Dr. David Gundersen considers himself the first person to name the tooth fairy.

The Fitchburg dentist’s second children’s book, titled “Dentina,” lays claim to that fame.

“Dentina,” published in 2018, tells the story of a cynical tooth fairy with purple hair. This book, and his first book, “Blacktooth,” have messages to make dental hygiene fun but also divulge deeper meanings for children and parents.

As a teacher in Compton, California, Gundersen heard complaints of tooth pain from his students. The students would pull back their cheek to reveal a mouth full of rotten teeth.

“‘Mr. Gundersen, my mouth hurts,’” he recalled the children saying. “It was tragic.”

He wanted to become a dentist to administer direct care. He knew children couldn’t learn while experiencing mouth pain, he said. After a 16 year career in public health policy, he graduated from the Marquette University’s School of Dentistry in 2011.

Two years ago, he started writing his children’s book under the pen name Davie Fletcher.

“These books wrote themselves,” he said. “It was kind of a compulsion, and I don’t think I’ve ever had a compulsion to do anything like this before.”

His first book “Blacktooth,” tells the “kind of true tale” of why every dentist office carries a treasure chest. Gundersen remembers the inspiration of the book coming from young patients.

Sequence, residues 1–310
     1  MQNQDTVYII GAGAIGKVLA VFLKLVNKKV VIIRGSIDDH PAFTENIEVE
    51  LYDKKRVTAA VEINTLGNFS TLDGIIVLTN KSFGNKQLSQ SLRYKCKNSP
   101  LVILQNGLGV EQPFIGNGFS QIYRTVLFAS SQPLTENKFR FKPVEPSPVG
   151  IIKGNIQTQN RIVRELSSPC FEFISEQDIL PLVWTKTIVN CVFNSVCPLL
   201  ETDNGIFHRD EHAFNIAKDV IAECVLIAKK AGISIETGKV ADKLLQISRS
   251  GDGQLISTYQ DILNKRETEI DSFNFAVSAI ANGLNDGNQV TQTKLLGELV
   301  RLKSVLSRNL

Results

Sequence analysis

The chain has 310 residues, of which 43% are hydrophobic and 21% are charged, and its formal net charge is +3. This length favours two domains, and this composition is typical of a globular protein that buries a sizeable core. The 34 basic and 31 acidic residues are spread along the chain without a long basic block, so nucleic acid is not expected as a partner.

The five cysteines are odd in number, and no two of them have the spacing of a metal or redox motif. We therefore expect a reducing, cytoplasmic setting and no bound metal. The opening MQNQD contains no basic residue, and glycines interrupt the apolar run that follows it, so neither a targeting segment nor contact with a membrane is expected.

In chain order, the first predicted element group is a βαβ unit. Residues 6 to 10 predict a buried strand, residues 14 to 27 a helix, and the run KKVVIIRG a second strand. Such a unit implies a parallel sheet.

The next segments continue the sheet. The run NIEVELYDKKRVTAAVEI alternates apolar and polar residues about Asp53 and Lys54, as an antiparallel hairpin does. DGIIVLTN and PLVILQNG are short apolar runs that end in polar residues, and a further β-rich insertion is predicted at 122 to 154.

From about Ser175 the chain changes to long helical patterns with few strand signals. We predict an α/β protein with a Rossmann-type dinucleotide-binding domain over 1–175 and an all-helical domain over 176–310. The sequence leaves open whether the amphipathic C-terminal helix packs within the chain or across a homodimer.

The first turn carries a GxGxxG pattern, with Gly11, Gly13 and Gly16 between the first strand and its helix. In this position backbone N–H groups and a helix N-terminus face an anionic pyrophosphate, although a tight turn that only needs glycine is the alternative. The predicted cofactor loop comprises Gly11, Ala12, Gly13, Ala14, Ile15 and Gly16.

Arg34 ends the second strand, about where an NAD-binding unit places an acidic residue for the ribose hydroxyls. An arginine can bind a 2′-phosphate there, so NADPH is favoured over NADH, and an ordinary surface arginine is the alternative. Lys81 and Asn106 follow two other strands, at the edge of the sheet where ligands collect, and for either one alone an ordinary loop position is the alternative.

He would tell them the story of the tough dentists, bribed by scary pirates. The pirates bribe dentists because if pirates had clean teeth, they would lose their bad reputations.

After explaining the story, Gundersen would guide patients to the treasure chest sitting in his dental office full of toys, proof of the pirate bribes.

Yet, some patients still did not believe him.

“I had a kid that would hear this (story) and say, ‘You know, I’m going to have to Google that,’” Gundersen said. “So I decided I needed to write the story.”

The dentist in that story is a woman of unknown ethnicity, rather than a white man, which is what people typically picture when they see a dentist, Gundersen said, and the main character is a black girl.

“You can stop to think, well, what does it mean to be a young girl and what does it mean to be African American?” Gundersen said.

Throughout his second book, “Dentina,” the cynical purpled-haired tooth fairy stopped believing in children, thinking they only desired her money. She discovers through a series of notes that the children she visits instead want Dentina to help their sick friend.

The subtle message, Gundersen said, is that people are always cynical about younger generations. He believes, however, if children are raised with the right stuff – meaning love and guidance – they turn out well.

Today, Gundersen goes into classrooms in the Verona Area School District to read his books to kids. He wears costumes crafted by his staff at the his dentist office including a pirate costume and in the future, a purple wig.

He hopes to write a third book about Norwegian bacteria trolls in the near future.

“(In the U.S.) you’re always brushing the ‘sugar bugs’ off of your teeth. In Norway, they talk about these tiny little ‘tooth trolls,’ Gundersen said.

Contact Mackenzie at mackenzie.krumme@wcinet.com.